Judd: I agree with the highlights you called out, but after Match Point came regrettable Scoop; after Midnight in Paris came the forgettable To Rome with Love. Allen has a very hit or miss career, and fortunately for him his hits far outweigh the misses. When it comes to comedies that miss the mark, I wouldn’t say that Magic in the Moonlight was as far off as Scoop, but I think what Magic wasn’t nearly as droll as Allen thought it was. The first part of the movie could have been much broader, and the love story could have been left out altogether. For me, that is what really brought the movie down.

Swanner: The love story in inevitable but the handling of the material and actually the material itself is the problem. The supporting characters were dull. They should be the bread and butter here. If this was made in the 30’s we would have been rolling with laughter. The leads had some snappy quips but no punch. I’ve been blaming the script but now I think it’s the direction. Allen should have been channeling Frank Capra because he never let a laugh die. Go back to It Happened One Night or You Can’t Take it With You and you’ll see how this material should have been handled. You’re right about the hit and miss with Allen. This one is all on him and it’s definitely a miss.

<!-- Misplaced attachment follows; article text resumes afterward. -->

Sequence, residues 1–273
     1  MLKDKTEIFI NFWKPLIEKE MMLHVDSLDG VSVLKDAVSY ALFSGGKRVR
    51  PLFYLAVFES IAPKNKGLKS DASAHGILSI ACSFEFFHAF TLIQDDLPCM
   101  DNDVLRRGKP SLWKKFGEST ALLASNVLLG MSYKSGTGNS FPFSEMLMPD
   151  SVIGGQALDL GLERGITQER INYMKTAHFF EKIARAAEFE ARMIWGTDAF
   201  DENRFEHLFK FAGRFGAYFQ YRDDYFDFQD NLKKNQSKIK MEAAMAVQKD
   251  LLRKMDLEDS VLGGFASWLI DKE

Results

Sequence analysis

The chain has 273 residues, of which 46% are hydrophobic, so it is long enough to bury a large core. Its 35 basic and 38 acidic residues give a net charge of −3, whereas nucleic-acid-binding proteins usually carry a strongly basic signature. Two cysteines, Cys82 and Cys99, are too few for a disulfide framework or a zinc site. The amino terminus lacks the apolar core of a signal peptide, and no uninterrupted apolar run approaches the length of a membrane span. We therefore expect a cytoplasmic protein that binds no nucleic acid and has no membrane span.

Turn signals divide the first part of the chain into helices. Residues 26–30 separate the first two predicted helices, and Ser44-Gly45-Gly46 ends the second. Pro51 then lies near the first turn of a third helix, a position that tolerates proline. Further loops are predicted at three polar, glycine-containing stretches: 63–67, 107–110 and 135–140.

Judd: The movie opens with Firth as the “Oriental Mystic” Wei Ling Soo performing his act. When the show’s over, and as he’s taking off his makeup and wig, he turns into this ranting misanthrope and I thought to myself, “This role would have been perfect for John Cleese 30 years ago.” I thought it was that kind of energy the whole movie would have carried, but as soon as we met the love interest, the whole thing mellowed. Allen wanted to focus to shift to Firth and Stone, making a cast of should-have-been loony millionaires blend into the wallpaper.